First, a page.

Uterine fibroids are the most common type of tumor in the female reproductive system and leading cause of hysterectomy. A population-based study in the United States found a cumulative incidence of uterine fibroids of greater than 66% by ultrasound examination of women approaching age 50 years [4,5]. A recent statistic from the Chinese Society of Health Management for nealy 500,000 adult Chinese women who had health examinations during the year of 2008 showed a prevalence of ultrasound diagnosed uterine fibroids of 14.7% (unpublished data). Uterine fibroids may cause considerable symptoms, including menorrhagia, dysmenorrheal and pelvic pain and pressure in some patients, necessitating surgical intervention [4,5]. Treatment for uterine fibroids, however, is generally indicated only when symptoms are present that are severe enough to be unacceptable to the patient. There is no evidence that women with no symptoms or with mild symptoms benefit from intervention . Significant differences of hysterectomy rates for uterine fibroids between countries  and among ethnic groups  have been reported in numerous studies, raising questions of overused or underused medical care from medical profession [7,9,10] and from the lay public , implicating high subjectivity in decision making.
During the past decades, we observed a rapidly growing number of women who underwent hysterectomy for uterine fibroids in China. Economic development, easier access to health care, improved surgical skill of the gynecologists might all contribute to this but other socioeconomic factors, especially the marketization of China's healthcare system might also play important roles. We conducted this case-control study to assess the impact of PHE performed at HEC on surgical treatment of uterine fibroids in Beijing, China.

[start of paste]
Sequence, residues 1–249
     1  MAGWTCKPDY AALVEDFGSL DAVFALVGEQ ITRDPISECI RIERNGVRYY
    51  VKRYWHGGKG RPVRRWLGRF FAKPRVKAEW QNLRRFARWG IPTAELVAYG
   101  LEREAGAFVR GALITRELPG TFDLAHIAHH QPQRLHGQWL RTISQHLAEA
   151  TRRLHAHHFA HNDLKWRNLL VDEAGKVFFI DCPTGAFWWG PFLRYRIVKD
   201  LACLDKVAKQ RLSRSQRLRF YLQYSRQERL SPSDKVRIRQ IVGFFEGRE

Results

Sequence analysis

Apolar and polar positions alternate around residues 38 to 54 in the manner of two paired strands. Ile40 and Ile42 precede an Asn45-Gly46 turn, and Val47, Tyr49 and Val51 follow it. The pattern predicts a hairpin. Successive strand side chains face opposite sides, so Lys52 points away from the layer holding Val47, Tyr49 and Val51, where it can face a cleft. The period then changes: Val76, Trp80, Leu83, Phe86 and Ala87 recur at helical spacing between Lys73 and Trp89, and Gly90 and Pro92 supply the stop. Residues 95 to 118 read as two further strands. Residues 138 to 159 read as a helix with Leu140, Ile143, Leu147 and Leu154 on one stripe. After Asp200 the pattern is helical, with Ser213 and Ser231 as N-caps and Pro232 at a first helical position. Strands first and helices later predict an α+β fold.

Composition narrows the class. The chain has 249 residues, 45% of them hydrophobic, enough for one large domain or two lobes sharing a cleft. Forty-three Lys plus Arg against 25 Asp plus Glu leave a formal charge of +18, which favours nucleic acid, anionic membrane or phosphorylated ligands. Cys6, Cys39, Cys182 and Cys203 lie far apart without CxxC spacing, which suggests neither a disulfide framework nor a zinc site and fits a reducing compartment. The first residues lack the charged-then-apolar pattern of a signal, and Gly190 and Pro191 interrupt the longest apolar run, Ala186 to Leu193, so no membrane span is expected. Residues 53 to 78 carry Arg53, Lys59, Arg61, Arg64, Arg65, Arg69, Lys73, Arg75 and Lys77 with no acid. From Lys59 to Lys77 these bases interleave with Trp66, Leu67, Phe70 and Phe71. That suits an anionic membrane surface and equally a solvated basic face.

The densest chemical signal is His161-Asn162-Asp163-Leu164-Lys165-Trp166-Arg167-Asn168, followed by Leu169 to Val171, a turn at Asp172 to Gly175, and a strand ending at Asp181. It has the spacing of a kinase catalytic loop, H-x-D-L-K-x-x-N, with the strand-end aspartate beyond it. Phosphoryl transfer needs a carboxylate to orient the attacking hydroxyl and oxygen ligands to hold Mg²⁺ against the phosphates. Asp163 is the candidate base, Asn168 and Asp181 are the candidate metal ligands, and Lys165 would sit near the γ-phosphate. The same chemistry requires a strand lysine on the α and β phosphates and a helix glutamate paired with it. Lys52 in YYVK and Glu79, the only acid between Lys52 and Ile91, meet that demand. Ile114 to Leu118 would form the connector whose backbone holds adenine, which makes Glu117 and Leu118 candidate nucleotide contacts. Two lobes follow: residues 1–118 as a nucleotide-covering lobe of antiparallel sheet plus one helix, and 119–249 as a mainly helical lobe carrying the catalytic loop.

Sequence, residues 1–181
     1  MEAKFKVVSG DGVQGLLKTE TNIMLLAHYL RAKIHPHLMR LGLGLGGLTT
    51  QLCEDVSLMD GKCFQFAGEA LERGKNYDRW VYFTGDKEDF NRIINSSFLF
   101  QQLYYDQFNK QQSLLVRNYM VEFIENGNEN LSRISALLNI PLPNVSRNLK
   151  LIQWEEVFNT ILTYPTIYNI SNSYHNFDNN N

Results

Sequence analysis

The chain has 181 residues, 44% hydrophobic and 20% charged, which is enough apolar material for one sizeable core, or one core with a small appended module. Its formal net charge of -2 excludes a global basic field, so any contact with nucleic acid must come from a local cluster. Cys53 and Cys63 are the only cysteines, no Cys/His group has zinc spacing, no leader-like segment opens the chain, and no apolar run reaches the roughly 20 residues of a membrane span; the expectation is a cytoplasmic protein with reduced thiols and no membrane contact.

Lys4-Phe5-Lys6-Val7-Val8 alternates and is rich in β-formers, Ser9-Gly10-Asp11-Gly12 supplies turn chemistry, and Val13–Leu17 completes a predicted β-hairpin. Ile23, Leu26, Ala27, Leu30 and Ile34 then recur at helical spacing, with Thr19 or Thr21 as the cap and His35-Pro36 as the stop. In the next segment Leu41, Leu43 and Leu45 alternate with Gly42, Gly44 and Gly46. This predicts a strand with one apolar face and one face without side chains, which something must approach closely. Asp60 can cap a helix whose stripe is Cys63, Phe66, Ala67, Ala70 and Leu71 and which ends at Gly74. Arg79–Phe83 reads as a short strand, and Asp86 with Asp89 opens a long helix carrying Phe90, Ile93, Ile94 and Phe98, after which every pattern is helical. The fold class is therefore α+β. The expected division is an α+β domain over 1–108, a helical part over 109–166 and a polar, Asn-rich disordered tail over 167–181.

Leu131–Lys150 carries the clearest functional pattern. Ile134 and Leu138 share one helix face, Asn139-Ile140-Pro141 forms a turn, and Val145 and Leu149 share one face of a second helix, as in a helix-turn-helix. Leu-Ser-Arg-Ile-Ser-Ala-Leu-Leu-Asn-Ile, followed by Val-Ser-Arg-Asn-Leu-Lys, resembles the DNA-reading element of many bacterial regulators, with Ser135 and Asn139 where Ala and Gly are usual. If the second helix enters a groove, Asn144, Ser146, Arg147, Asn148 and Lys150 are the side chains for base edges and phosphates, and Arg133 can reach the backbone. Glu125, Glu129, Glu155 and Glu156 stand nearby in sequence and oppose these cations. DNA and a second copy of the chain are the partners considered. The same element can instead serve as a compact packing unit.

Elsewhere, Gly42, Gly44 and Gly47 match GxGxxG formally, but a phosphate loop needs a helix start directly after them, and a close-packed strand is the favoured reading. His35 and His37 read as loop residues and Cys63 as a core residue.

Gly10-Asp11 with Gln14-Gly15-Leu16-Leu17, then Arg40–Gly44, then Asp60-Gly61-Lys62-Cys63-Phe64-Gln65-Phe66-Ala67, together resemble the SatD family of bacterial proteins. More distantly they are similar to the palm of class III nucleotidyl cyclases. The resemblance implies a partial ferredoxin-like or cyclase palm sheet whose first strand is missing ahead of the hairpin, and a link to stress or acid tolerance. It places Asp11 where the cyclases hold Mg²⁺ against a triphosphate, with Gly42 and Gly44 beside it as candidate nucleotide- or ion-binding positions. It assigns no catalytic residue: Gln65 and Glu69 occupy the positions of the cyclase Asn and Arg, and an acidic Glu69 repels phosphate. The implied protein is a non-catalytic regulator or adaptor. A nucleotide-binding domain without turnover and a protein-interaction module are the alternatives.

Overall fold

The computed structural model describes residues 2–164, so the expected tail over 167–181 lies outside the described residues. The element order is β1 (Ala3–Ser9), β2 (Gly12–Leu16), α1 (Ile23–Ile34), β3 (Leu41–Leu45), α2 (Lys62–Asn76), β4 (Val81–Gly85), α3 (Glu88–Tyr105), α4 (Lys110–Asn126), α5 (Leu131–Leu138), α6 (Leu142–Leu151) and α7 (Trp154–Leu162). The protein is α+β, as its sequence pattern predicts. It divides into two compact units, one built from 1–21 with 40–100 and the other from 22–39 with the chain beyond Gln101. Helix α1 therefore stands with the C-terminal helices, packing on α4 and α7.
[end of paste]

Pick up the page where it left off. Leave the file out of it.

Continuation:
Hospitals in China are officially classified into 3 levels: level-1, level-2 and level-3. Level-1 and level-2 hospitals are further classified into first rank, second rank, and third rank, with level-1 first rank hospitals as the most selective and top-quality category. Currently, there are 48 level-1 and 74 level-2 hospitals in the urban area of Beijing. Because all level-3 and most of the level-2 hospitals have no gynecology and obstetrics inpatient departments, we randomly chose 2 first rank and 2 second rank general hospitals using a random number table, among the 48 level-1 hospitals, to select study subjects.
Consecutive patients admitted to these four hospitals with a primary diagnosis of uterine fibroids were identified through the hospital's computerized information system. Patients were eligible to be included if they fulfilled these criteria: 1) age 20-50 years; 2) resident of the urban area of Beijing; 3) no history of major chronic disease (cardiovascular, pulmonary or renal diseases, diabetes, uncontrolled hypertension, asthma, allergies, and neoplasm); and 4) undergoing surgical treatment, either hysterectomy or myomectomy, for uterine fibroids. Patients with corrected or added diagnosis after surgery were not excluded. From June 1, 2009 to October 20, 2009, a total of 253 eligible patients were identified, and 29 (mean age, 44.6 years) declined to participate (22 due to not in Beijing, 7 due to other reasons), leaving 224 in the study group.